With signs that the political consensus on personal accounts is starting to crack, and the looming funding crisis over final salary pensions in the public sector, pensions threaten to be a highly saliant issue at the next election.
In a fringe organised by B&CE, Angela Eagle, the pensions minister, did her best to draw the battle lines. However, her words revealed a government seriously in denial. While she acknowledged the controversy over public sector pension schemes she turned her face to the past, stamping out any suggestion that reform was on the government’s agenda. Eagle argued that while 85 per cent of public sector workers are currently covered by final salary schemes, this produces an average pension of around £5,000 per year. Final salary schemes are, we were informed, affordable and sustainable. Attacking final salary schemes was another example of the Tories looking to make ruthless cuts.
While there are legions of people who beg to differ that public sector pensions are affordable – not all of them on the Tory frontbench – it was interesting that the minister failed to make any mention of equality and fairness. Usually, Labour ministers can’t help themselves. Previous pensions ministers often reminded conference that any pensions system needs to be seen to be fair in order to be sustainable.
Yet here we have a government presiding over an almighty inequity. For what those in the public sector can expect to receive in retirement courtesy of the taxpayer, those in the private sector will have to save in personal accounts out of their own salary. On this point, surely Angela Eagle must be the only person in Britain who thinks this is fair?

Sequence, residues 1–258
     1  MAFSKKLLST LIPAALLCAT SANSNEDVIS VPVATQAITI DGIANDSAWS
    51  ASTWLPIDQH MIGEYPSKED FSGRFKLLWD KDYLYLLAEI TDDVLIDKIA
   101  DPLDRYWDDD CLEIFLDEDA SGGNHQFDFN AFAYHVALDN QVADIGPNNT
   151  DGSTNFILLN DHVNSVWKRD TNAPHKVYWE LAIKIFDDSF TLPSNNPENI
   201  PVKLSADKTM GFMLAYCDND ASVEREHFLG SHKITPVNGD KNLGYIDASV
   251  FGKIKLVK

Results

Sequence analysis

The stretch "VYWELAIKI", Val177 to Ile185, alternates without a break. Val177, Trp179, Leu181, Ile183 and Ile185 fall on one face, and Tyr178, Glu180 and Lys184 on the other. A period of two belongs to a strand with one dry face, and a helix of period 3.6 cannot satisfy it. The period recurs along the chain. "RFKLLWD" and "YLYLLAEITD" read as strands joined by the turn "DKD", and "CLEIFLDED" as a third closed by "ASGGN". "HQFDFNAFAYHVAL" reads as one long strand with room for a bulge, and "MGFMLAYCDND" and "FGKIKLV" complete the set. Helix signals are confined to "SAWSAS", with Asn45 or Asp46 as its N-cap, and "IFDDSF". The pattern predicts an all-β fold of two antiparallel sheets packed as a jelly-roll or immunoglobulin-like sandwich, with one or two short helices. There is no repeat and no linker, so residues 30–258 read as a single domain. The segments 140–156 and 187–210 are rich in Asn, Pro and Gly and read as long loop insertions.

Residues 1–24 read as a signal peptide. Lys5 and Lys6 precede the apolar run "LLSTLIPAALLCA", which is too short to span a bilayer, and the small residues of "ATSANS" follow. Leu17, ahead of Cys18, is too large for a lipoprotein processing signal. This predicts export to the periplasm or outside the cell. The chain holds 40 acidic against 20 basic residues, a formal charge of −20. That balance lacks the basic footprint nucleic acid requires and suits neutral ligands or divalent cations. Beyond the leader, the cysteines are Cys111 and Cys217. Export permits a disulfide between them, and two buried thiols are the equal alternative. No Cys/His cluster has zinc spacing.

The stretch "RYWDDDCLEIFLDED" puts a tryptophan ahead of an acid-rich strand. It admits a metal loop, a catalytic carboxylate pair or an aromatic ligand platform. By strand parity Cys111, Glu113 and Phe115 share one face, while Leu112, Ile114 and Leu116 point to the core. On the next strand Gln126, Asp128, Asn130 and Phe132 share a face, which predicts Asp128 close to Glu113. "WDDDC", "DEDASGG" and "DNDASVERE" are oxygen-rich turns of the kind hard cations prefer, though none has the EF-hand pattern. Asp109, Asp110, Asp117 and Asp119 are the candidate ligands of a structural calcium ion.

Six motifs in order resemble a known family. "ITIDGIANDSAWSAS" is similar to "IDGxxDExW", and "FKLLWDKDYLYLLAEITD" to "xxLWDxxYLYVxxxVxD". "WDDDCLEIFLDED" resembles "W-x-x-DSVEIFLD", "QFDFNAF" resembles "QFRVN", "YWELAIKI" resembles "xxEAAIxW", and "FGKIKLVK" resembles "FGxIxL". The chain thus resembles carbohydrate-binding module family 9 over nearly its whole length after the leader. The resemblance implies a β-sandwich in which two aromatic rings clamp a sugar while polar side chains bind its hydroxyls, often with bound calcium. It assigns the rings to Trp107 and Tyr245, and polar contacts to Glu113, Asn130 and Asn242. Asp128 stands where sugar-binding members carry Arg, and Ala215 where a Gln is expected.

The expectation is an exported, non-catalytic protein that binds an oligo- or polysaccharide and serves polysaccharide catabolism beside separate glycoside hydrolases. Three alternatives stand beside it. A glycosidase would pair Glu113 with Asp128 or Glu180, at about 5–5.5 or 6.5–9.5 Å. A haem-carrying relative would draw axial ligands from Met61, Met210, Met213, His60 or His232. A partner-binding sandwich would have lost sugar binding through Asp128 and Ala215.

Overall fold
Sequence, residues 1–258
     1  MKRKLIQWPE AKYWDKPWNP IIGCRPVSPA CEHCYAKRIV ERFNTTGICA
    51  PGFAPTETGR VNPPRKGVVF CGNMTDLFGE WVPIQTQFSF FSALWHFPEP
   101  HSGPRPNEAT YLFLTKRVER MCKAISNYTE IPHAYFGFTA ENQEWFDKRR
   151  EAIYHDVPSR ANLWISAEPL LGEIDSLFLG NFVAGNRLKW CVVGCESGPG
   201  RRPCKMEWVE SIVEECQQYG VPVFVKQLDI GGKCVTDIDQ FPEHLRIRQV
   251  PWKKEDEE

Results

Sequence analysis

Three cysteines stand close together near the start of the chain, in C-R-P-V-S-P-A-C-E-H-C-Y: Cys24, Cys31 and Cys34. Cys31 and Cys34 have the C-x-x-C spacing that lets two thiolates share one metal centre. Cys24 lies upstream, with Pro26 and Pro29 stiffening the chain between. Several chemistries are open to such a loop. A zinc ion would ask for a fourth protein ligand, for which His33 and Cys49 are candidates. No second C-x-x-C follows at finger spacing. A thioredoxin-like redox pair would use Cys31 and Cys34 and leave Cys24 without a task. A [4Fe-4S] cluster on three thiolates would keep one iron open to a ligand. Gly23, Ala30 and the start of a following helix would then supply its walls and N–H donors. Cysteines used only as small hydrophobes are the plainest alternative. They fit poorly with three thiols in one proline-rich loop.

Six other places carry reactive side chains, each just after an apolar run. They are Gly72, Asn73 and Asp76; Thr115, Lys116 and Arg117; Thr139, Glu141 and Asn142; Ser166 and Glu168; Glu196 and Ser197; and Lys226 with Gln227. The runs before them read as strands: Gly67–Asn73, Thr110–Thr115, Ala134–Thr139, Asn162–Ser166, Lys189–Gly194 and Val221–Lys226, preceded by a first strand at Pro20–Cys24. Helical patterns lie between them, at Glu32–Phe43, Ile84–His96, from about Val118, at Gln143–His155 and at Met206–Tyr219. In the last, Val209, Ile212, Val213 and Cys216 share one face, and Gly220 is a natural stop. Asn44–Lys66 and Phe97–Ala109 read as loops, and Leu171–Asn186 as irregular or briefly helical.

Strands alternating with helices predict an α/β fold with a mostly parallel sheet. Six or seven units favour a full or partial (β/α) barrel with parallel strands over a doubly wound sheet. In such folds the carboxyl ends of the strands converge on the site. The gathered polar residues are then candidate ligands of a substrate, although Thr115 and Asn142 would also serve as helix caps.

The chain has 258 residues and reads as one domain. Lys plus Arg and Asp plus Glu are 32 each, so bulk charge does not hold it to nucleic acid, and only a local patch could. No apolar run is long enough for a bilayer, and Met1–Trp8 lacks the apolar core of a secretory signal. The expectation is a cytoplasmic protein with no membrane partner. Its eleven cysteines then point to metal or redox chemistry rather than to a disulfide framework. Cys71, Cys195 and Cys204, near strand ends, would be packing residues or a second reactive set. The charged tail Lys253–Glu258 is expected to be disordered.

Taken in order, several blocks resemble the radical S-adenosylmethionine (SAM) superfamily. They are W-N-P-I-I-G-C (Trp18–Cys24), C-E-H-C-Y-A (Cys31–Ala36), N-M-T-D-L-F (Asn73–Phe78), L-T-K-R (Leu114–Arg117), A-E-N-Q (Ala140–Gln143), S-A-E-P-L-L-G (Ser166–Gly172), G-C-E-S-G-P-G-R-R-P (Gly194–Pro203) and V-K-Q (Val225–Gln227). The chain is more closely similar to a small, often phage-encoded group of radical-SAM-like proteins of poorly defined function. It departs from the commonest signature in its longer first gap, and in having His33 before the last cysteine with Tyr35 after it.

She is appears to be alone in thinking that the average private sector worker targeted by personal accounts can hope to generate levels of private pensions equal to what a public sector worker will receive from a final salary scheme. True, £5,000 per year might not sound like a lot. But at current annuity rates it will involve the average personal accounts saver accumulating in excess of £100,000 over the course of their working lives. This is five times the average annuity today. And remember, personal accounts will be targeted at low and moderate earners; part-time workers and carers taking long breaks from employment. Not the kind of people who save regularly over a 40-year period.
With so many siren voices sensibly cautioning the government to manage people’s expectation on personal accounts, it would seem the government is more intent on throwing caution to the wind. A personal account – while better than nothing – is no substitute for a final salary scheme. Government ministers should be wary in creating the impression that people can expect similar outcomes. Quite apart from the differential levels of employer contributions, the minister made no reference to the fact that those in personal accounts will be expected to shoulder all the investment risk while enjoying little or no access to financial advice to help them make sense of those risks.
If the government wants to defend its well-earned consensus on pension reform, or build a truly affordable and sustainable pensions system, it still has a lot of work to do. More honesty would be a good place to start.